“Family Secrets, Migration and Diaspora… and Mismatched Couples”: An Interview with Aliette de Bodard

The Big Peat

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PL: I loved Fireheart Tiger and how many ideas it seems to hold. Can you tell me what was the original spark for the book?
ADB: The idea seed was this young woman who had survived a palace fire–I knew she was some kind of hostage and had almost burnt down with the palace because everyone had forgotten her. I then unspun this idea to understand where she was coming from–a country about to be colonised–, why the palace had burnt and what kind of scars that had left on her.

PL: After you’d unspun the idea and had your plot, were there any scenes you were really excited for when you got to write them?ADB: I’m excited for most scenes at the beginning, and then we get to the dread middles and everything starts to drag! I fortify myself with the knowledge there is no correlation between how I feel about a scene when writing it and how successful it actually is. A scene I was really happy to write was the chess game: it was a conversation between two characters that required me to have a point of focus, and I thought a (very unsubtle) game of pawns being moved would suit Thanh’s mother very well.

PL: The chess scene was one of my favourite parts of the book, not only for its drama, not just for the way it led me to believe it’d be a straight-forwards romance for Thanh for a moment (even I was unsure of Eldris) – leading to the greater impact of the twist – but because it seems to be the moment that Thanh’s mother comes closest to seeing her as more than just another soldier, as well as making her position most clear. Is there meant to be a juxtaposition there, or am I reading too much into it? Also, do you have any plans to maybe return to Thanh and her family relationships in the future?
ADB: I didn’t do that on purpose, I admit! I was trying to write a scene in which Thanh was facing her mother, and I got bored with meal scenes and court audiences, and looked for something else. I was thinking of Nirvana in Fire, and the chess scene just happened. I think your interpretation is correct though–and it is the reason Thanh’s mother starts seeming sympathetic towards Thanh, as a last ditch attempt to control Thanh through sympathy.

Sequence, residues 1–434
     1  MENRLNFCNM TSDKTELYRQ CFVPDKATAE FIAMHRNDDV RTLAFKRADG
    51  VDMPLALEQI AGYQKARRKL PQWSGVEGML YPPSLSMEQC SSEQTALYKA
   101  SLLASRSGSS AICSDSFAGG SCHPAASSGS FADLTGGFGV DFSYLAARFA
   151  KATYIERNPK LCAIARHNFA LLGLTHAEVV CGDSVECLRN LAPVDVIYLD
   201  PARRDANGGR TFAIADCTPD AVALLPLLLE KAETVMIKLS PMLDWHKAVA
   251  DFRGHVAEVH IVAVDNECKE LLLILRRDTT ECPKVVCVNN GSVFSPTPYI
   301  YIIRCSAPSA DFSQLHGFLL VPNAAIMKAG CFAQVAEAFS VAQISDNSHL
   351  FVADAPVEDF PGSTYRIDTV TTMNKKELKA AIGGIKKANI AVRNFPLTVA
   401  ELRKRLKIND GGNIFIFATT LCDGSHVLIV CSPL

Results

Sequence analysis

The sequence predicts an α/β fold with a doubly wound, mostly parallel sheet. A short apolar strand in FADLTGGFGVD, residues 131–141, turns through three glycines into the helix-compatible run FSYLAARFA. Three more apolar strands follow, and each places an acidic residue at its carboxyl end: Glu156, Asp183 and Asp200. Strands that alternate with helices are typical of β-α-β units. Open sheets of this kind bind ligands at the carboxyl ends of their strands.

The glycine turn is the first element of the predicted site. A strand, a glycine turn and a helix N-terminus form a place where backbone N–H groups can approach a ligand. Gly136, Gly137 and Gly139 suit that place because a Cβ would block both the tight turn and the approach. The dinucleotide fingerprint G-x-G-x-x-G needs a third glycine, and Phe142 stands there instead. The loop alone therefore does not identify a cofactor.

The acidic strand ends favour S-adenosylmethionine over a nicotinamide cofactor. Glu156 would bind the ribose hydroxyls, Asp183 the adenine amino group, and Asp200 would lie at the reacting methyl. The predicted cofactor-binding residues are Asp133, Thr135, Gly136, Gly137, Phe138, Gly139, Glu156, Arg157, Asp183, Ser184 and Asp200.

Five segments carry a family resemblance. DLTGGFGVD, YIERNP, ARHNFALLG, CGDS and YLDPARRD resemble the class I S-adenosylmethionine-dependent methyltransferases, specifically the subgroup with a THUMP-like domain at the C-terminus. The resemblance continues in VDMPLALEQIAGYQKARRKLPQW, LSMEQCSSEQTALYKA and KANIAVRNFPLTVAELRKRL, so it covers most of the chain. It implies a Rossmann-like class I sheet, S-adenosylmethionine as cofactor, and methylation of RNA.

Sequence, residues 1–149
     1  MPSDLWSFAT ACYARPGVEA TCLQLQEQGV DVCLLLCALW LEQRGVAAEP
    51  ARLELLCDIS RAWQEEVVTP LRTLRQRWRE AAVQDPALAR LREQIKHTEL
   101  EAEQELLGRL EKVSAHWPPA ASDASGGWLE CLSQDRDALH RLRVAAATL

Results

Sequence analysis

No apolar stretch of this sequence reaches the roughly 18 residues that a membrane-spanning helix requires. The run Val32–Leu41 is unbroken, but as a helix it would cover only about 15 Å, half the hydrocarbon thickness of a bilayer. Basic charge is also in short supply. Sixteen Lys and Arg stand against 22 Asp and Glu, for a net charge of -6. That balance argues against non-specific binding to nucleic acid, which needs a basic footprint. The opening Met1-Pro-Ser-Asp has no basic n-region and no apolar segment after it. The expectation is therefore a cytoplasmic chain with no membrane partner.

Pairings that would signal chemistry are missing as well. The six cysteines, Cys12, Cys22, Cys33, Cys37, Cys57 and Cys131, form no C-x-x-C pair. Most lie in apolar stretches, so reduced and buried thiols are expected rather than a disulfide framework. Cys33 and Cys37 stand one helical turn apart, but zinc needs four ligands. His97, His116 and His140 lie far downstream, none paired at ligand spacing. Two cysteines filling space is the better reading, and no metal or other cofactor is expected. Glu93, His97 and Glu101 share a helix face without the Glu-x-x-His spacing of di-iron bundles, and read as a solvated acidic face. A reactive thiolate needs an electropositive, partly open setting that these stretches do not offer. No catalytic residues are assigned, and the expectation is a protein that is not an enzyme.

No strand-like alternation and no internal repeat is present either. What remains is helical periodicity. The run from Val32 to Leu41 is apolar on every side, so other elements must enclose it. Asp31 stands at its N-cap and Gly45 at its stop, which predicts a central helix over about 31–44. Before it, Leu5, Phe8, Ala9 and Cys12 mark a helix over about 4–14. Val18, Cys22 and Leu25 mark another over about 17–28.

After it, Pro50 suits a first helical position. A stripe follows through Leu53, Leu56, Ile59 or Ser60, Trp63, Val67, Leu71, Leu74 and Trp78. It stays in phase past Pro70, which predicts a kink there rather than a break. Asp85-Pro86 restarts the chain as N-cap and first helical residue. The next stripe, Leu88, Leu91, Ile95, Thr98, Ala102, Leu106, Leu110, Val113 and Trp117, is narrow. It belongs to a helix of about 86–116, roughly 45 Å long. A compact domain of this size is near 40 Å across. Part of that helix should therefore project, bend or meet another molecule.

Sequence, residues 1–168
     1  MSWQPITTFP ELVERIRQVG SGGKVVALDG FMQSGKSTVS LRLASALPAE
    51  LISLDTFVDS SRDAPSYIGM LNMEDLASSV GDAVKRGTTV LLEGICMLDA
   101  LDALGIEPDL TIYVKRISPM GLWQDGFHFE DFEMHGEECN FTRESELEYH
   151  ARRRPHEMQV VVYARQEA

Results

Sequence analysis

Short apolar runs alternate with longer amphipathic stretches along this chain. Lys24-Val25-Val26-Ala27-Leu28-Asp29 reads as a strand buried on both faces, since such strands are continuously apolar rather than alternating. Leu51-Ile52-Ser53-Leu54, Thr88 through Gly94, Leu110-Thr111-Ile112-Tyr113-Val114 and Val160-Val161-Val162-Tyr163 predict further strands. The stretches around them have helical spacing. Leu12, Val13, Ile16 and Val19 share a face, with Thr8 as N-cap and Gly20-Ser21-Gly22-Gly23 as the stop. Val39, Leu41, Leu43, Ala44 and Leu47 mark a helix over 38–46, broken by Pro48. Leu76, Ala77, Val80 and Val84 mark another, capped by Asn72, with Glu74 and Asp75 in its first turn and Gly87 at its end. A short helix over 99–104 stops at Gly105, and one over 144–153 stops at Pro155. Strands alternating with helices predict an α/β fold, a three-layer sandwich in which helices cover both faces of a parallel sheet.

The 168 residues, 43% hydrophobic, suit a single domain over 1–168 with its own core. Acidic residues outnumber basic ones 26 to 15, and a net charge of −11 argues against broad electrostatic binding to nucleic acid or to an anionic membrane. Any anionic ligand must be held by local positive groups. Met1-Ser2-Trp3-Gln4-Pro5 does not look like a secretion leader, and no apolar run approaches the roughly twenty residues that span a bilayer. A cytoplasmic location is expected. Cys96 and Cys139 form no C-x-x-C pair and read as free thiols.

PL: I saw you mention in this interview – Our Friend is Here! Asian Heritage Month Edition – An Interview with Aliette de Bodard, Author of the Dominion of the Fallen Series; On Writing Her French & Vietnamese Identities and Lunar New Year – The Quiet Pond – that you found approaching Vietnamese culture in Dominions of the Fallen ‘bloody scary’. Was that still true when writing Fireheart Tiger?
ADB: I think it’s less scary, though to some extent I’ll always feel a little daunted by it: it’s a curse of being mixed race and diaspora, and doubting my own capacity to do it justice. It’s gotten easier because I’ve gotten more at peace, I’d say, with myself, and I don’t pretend that I’m speaking for anyone but myself when I’m writing Vietnamese culture: I obviously try to deal with my own biases to minimise harmful narratives, but in the end it remains something very personal–it’s my connection to what I was raised with and the meaningful things I derive from it, something I have full rights to.

PL: I’ve always really admired the way your titles are poetic and striking, while also tightly tied to the book’s themes. Is there any particular process you have for coming up with your titles?
ADB: I believe Fran Wilde actually came up with that title for me! My original idea for this one was “The Eternal Princess, in the Embrace of the Fire”, which everyone agreed was a really bad idea because it was such a mouthful (and also not quite getting across what I wanted in terms of the book’s themes). I tend to either find the title straightaway, or be struggling with it for a long time, and this book was in the latter category.